A year ago, when Swedish brand Houdini Sportswear launched the project to explore regenerative lifestyles that could support the goals of the Half-Earth Project, no one was expecting a coronavirus pandemic with all its consequences. With Covid-19, the world has changed in profound ways and in just a few weeks; large parts of the world population have made radical changes to how they move, live, eat, work and enjoy themselves. Policymakers have shifted their priorities and many companies have been given or taken new roles in society. In parallel, discussions about purpose, values and ethics have gained attention and relevance. How the future will unfold depends on how we emerge from this crisis.

Houdini’s new whitepaper called “Regenerative Lifestyles,” developed in partnership with Cybercom, a digital consultancy company specializing in how digitalisation can provide solutions to global challenges and drive business innovation, is a continuation of the brand’s journey toward regeneration and co-creating a world where humans live in harmony with nature. The starting point of the 48-page paper was exploring how the vision of a Half-Earth future, a future where half the global surface would be protected, could be used as a driver for innovation and how a company could contribute. The paper also introduces a formula for the total impact of a company: “P * V + L = I”. Where “P” is the impact of the product, “V” is the volume of the product, “L” is the lifestyle supported and “I” is the total impact. According to Houdini and Cybercom, only with a formula like this – suggesting that companies address not only their products’ impact from production but also from consumption and while being consumed, what lifestyles are supported – can the total footprint and handprint of a company be assessed and improved.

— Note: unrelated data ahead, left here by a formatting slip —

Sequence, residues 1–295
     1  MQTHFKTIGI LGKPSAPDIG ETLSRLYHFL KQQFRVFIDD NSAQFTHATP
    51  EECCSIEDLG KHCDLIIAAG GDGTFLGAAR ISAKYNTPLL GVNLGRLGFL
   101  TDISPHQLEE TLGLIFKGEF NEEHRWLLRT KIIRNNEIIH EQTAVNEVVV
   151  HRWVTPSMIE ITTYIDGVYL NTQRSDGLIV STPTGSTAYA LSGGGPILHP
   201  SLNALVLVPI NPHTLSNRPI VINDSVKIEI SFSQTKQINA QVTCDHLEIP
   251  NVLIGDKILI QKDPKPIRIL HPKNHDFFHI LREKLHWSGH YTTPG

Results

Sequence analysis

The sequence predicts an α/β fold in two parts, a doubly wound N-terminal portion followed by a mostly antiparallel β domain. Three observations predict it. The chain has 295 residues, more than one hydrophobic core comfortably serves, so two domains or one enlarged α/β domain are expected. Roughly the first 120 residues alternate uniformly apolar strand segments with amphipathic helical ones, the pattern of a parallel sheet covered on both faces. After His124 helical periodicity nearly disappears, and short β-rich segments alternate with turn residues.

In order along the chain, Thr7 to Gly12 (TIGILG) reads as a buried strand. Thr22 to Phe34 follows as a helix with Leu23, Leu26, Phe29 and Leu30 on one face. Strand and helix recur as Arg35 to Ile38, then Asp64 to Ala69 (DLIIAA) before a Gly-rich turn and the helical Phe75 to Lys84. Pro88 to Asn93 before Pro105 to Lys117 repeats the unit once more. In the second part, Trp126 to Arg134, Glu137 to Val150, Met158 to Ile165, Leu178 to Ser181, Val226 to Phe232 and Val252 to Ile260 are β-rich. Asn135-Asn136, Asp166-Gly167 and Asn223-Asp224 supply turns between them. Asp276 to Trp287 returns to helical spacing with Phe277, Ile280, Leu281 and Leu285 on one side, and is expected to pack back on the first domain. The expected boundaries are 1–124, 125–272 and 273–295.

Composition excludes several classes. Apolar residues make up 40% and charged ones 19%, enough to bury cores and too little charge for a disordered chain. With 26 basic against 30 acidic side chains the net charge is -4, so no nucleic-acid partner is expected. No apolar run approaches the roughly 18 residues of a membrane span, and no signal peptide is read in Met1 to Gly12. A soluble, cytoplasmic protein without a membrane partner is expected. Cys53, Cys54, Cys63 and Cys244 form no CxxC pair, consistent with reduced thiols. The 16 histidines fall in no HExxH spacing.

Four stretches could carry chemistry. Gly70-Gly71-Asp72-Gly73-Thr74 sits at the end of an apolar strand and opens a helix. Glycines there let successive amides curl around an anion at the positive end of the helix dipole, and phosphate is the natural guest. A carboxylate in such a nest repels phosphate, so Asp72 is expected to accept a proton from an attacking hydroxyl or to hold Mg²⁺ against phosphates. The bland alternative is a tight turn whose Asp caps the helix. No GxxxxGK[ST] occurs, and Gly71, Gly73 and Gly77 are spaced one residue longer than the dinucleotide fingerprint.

The paper highlights that most companies today focus their efforts on minimizing the negative impact from production, while very few seem to have strategies and goals to reduce the volume of consumption to a sustainable level. Even fewer have strategies and goals for how they, through their product offering, brand and communication, can support sustainable lifestyles. For an apparel company to be truly sustainable, the paper suggests it needs to address circular and sustainable products, sustainable volumes of products as well as sustainable lifestyles. The estimations in the whitepaper indicate that the difference between lifestyles that a company can support and enable are very significant – often, the environmental impact of a high-impact lifestyle is often 500 to 1,000 percent higher than that of a low-impact lifestyle. High-impact lifestyles are not compatible with global sustainability, let alone a Half-Earth future, and will continue to undermine the living systems on this planet. The whitepaper also highlights the need to discuss the impact of “obscene” lifestyles, lifestyle with extreme high use of natural resources, often promoted as the ultimate luxury and the lifestyle to admire and strive for. A number of potential lifestyle initiatives for the apparel sector and partners in other sectors are also highlighted in the whitepaper.

You can download the Regenerative Lifestyles whitepaper here.